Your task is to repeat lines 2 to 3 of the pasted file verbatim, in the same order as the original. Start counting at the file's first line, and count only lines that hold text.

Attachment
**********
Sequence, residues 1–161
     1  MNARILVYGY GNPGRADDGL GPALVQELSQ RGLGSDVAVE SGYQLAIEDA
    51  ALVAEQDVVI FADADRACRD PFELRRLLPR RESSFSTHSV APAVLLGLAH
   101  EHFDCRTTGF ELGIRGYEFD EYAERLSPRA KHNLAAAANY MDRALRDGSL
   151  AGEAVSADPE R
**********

     1  MNARILVYGY GNPGRADDGL GPALVQELSQ RGLGSDVAVE SGYQLAIEDA
    51  ALVAEQDVVI FADADRACRD PFELRRLLPR RESSFSTHSV APAVLLGLAH